Education Most of these occupations require a four-year bachelor's degree, but some do not.
Related Experience A considerable amount of work-related skill, knowledge, or experience is needed for these occupations. For example, an accountant must complete four years of college and work for several years in accounting to be considered qualified.
Job Training Employees in these occupations usually need several years of work-related experience, on-the-job training, and/or vocational training.
Job Zone Examples Many of these occupations involve coordinating, supervising, managing, or training others. Examples include accountants, sales managers, database administrators, teachers, chemists, environmental engineers, criminal investigators, and special agents.
SVP Range (7.0 to < 8.0)

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Education


Percentage of Respondents
Education Level Required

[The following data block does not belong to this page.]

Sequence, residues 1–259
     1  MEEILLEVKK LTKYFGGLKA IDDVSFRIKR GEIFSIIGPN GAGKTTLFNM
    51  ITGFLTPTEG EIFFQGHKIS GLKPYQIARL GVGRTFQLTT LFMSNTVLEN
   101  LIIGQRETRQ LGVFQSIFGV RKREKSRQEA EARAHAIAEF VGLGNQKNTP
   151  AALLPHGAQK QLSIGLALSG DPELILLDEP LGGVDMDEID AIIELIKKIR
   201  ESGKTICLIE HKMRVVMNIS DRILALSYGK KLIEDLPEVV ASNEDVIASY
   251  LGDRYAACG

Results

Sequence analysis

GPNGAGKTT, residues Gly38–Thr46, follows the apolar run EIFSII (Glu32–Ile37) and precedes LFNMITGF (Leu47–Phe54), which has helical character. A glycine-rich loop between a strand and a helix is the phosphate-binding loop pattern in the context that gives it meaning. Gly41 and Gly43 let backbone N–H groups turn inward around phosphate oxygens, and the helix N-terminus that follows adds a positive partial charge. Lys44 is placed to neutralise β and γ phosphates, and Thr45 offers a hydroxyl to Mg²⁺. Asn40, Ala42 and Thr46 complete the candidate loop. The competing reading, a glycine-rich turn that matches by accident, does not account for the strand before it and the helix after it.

Not available Bachelor's degree
Not available Some college, no degree
Not available High school diploma or equivalent Help

This occupation may require a background in the following science, technology, engineering, and mathematics (STEM) educational disciplines:

Life Sciences — Forest Sciences and Biology; Forestry; Natural Resources and Conservation, Other; Natural Resources Management and Policy; Natural Resources/Conservation, General; Wildlife and Wildlands Science and Management

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Credentials

Find Training Find Certifications

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Interests

Interest code: SRA

Social — Social occupations frequently involve working with, communicating with, and teaching people. These occupations often involve helping or providing service to others.
Realistic — Realistic occupations frequently involve work activities that include practical, hands-on problems and solutions. They often deal with plants, animals, and real-world materials like wood, tools, and machinery. Many of the occupations require working outside, and do not involve a lot of paperwork or working closely with others.